Commodus Hercules

Michael Beckschebe, “Commodus Hercules”, Date Unknown, Silver Gelatin Print

This marble bust is titled “Commodus Hercules”, a marble portrait sculpture created sometime in 180-193 AD, more probably in 192 AD.   The bust is one of the most famous masterpieces of Roman portraiture and depicts Emperor Commodus in the guise of Hercules. Commodus has been given the attributes of Hercules:  the emblematic lion’s skin,, the club in this right hand, and the golden apples of Hesperides in his left hand.

The incredibly well-preserved bust is placed on a complex allegorical composition. Two kneeling Amazons besiege a globe decorated with the signs of the zodiac and hold aloft a cornucopia, which is entwined with a Peltaion, the Amazons’ characteristic shield.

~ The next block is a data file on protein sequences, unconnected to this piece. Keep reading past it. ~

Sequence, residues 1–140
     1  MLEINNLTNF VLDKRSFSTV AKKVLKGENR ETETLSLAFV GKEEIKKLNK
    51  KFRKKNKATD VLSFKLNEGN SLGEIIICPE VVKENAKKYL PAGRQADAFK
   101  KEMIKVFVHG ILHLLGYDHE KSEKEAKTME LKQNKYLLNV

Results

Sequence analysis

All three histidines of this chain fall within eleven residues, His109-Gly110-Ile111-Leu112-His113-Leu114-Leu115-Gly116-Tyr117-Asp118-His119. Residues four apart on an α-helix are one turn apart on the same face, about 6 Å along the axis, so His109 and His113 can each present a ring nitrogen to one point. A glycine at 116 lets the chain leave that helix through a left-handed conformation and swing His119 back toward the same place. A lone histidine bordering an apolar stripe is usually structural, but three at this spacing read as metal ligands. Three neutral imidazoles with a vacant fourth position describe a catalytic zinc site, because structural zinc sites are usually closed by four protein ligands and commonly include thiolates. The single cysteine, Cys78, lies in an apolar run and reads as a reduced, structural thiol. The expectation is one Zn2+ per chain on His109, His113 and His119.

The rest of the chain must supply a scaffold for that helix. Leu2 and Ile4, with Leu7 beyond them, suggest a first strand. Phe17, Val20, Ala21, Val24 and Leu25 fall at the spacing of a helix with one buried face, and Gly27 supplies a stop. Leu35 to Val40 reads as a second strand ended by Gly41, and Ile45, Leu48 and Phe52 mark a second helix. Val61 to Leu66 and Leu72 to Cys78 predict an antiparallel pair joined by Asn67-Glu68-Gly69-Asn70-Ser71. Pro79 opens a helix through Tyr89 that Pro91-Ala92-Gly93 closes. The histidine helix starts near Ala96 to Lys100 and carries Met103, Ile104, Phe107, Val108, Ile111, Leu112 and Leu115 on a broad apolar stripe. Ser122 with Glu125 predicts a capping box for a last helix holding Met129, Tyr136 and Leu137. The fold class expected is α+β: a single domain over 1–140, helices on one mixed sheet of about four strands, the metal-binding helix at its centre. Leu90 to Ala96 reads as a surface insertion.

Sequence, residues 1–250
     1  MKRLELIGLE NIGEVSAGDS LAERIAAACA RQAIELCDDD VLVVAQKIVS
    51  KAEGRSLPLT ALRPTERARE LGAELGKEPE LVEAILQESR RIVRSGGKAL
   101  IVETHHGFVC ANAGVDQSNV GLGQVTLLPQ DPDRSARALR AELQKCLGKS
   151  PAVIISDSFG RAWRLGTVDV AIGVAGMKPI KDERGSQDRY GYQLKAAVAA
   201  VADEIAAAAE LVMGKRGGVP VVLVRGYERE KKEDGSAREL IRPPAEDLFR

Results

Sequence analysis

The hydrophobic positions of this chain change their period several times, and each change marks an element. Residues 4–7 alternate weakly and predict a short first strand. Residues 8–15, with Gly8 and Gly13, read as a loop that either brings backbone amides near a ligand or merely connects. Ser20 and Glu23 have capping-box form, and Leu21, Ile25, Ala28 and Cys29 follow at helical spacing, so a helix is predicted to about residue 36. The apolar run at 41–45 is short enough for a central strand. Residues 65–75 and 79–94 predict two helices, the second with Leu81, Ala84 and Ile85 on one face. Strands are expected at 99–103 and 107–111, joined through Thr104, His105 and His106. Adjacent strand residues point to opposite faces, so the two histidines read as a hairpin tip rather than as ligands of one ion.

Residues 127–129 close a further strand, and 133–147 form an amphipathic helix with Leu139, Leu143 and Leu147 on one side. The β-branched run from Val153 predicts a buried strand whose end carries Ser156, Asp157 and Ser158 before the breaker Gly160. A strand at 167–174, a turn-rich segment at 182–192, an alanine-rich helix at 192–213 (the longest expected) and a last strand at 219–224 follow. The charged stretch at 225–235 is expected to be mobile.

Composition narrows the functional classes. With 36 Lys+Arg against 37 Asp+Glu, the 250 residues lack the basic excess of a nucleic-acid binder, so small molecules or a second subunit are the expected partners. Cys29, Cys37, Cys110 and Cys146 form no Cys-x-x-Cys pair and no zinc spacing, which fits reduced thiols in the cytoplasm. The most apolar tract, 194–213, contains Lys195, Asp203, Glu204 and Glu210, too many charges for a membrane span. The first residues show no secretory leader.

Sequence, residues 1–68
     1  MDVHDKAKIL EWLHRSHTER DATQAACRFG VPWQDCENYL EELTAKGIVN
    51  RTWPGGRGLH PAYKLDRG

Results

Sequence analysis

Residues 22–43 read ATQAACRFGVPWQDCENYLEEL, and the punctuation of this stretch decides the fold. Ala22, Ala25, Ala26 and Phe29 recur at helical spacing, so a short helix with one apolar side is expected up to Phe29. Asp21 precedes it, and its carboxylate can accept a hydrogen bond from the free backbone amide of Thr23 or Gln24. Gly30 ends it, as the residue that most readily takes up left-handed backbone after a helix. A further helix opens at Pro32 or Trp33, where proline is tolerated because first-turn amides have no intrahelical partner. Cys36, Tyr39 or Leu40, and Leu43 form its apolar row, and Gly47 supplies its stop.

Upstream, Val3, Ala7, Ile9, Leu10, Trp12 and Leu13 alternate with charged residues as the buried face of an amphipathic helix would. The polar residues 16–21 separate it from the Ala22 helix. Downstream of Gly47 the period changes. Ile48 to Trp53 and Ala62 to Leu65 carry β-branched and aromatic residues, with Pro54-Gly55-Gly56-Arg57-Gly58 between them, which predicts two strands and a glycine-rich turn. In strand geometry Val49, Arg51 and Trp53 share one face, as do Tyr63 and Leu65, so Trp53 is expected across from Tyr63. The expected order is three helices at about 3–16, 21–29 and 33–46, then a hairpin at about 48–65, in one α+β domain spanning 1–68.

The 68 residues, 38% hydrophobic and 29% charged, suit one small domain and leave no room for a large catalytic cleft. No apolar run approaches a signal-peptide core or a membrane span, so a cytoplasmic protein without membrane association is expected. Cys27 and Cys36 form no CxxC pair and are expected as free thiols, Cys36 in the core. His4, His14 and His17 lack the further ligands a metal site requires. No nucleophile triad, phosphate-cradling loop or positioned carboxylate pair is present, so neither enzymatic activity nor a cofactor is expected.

The celebratory intent that, through a wealth of symbols, imposes the divine cult of the Emperor, is further underlined by the two marine Tritons flanking the central figure to express his deification. The group was recovered in an underground room of the Horti Lamiani complex, where it had probably been hidden.

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Photo taken in 2008 by Michael Beckschebe

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